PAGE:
Estimating Learners’ Vocabulary Size under Item Response Theory
Aaron Gibson and Jeffrey Stewart
Kyushu Sangyo University
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Perhaps the most qualitatively interpretable vocabulary test score is an
estimate of the total number of words the learner knows in the tested
domain, such as a frequency word list, or vocabulary taught as part of a
course curriculum. In cases where it is not possible to test the entire
domain word-for-word, vocabulary tests such as the vocabulary levels test
(Nation, 1990) and vocabulary size test (Beglar, 2010; Nation & Beglar,
2007) typically employ a polling method, in which total vocabulary size is
inferred from a sample of tested words. A drawback of this method is that
it assumes the tested words are randomly sampled from and therefore
representative of the tested domain, which can affect test reliability in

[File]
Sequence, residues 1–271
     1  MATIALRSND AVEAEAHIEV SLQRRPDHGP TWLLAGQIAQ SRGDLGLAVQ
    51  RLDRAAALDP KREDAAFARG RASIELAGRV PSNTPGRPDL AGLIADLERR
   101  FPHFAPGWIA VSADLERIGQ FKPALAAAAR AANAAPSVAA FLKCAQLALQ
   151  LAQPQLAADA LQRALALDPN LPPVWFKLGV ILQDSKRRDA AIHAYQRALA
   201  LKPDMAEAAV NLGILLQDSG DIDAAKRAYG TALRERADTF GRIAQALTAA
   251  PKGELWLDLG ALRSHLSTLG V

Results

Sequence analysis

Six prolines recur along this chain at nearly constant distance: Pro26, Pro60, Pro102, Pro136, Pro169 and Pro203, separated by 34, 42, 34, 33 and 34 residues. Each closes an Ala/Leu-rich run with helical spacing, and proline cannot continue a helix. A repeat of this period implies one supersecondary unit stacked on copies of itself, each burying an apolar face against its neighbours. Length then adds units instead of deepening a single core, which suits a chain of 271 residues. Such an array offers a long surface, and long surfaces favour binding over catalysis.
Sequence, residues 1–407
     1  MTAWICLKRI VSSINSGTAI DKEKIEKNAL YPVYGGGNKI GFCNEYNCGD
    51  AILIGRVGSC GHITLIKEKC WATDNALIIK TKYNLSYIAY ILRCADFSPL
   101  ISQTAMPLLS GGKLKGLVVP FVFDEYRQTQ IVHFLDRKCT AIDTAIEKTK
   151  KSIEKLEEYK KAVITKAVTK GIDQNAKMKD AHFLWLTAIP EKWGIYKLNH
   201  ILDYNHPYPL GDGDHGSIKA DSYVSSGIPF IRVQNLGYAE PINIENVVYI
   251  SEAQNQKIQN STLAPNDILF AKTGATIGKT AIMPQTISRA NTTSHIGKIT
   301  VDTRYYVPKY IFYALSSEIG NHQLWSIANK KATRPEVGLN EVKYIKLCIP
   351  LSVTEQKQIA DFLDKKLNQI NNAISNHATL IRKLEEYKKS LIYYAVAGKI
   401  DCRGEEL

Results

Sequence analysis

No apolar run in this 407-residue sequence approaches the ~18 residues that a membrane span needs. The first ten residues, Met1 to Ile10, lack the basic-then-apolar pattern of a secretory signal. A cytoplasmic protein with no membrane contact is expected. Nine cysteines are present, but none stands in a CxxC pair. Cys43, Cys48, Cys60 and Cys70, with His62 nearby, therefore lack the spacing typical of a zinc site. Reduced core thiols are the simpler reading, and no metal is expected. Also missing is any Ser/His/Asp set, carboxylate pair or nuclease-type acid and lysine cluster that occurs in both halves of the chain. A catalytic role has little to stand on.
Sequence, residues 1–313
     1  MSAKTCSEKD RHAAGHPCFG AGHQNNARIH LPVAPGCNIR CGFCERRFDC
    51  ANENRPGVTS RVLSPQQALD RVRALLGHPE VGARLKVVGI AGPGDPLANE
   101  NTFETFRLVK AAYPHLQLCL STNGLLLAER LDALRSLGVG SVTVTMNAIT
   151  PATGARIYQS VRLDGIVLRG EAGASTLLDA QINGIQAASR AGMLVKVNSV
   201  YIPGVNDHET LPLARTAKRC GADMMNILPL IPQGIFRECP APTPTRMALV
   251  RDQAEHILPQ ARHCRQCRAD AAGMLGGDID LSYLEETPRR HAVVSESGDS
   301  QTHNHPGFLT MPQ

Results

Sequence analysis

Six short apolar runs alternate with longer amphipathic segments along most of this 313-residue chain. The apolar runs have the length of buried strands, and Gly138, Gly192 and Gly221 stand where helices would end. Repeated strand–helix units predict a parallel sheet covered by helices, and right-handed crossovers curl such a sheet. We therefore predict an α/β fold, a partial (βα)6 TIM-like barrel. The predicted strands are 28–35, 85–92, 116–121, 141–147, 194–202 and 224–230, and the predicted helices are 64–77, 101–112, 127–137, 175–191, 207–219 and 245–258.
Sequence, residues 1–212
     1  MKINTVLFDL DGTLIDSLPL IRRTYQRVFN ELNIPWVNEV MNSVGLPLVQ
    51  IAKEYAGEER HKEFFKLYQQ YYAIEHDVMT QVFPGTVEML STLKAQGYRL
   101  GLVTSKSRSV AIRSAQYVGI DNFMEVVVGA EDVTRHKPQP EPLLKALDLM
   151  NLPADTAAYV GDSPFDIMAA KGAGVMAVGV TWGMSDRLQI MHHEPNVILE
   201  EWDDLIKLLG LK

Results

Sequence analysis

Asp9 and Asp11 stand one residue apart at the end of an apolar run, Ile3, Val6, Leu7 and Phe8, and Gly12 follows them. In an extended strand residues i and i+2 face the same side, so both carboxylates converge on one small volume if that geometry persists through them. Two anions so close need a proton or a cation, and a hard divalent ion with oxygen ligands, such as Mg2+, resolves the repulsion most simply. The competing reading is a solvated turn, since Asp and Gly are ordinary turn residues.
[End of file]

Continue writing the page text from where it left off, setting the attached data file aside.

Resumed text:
cases where there are many words in the domain that are far below or
above learners’ ability. This paper outlines an alternate method for
estimating vocabulary size from a test score using item response theory,
which allows estimation of total vocabulary size from a nonrandom
sample of words well matched to learners’ ability, resulting in tests of
practical length with high reliability that can be used to estimate the
total number of words a learner knows. Such a test scoring method,
currently in use at a private university in southern Japan, is used as an

Gibson, A., & Stewart, J. (2014). Estimating learners’ vocabulary size under item response theory. Vocabulary Learning and Instruction, 3 (2), 78-84. doi: 10.7820/vli.v03.2.gibson.stewart